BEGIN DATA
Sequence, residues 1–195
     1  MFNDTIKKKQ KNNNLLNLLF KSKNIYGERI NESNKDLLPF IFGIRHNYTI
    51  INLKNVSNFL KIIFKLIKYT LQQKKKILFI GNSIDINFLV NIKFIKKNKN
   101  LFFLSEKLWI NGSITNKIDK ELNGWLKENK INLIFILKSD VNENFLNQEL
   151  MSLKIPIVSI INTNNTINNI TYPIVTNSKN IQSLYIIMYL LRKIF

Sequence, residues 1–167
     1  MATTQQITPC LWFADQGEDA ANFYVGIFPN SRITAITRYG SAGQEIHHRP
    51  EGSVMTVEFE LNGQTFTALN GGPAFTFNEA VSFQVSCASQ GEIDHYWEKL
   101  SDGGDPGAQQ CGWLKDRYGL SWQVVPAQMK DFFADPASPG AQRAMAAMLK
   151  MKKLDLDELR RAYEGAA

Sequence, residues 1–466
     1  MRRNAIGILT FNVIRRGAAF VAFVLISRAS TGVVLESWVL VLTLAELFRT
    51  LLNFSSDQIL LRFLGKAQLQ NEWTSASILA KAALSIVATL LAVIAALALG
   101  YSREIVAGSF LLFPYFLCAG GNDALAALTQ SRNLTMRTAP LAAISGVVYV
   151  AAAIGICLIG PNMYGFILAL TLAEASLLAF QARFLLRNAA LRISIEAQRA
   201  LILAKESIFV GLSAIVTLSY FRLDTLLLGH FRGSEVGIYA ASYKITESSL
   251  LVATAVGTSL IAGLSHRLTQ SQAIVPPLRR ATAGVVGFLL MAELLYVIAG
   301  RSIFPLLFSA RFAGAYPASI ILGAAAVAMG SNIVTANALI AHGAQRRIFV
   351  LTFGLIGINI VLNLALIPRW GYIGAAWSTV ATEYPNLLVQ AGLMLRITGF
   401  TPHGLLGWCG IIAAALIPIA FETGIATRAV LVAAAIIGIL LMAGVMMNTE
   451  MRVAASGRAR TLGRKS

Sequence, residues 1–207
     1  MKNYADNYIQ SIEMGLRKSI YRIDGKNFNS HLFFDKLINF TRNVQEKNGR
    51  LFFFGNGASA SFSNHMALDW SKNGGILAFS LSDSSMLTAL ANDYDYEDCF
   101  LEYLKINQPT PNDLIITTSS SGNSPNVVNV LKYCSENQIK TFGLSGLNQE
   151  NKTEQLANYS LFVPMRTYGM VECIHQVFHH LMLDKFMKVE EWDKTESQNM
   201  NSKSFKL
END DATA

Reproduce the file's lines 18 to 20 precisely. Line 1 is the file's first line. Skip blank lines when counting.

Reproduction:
   301  RSIFPLLFSA RFAGAYPASI ILGAAAVAMG SNIVTANALI AHGAQRRIFV
   351  LTFGLIGINI VLNLALIPRW GYIGAAWSTV ATEYPNLLVQ AGLMLRITGF
   401  TPHGLLGWCG IIAAALIPIA FETGIATRAV LVAAAIIGIL LMAGVMMNTE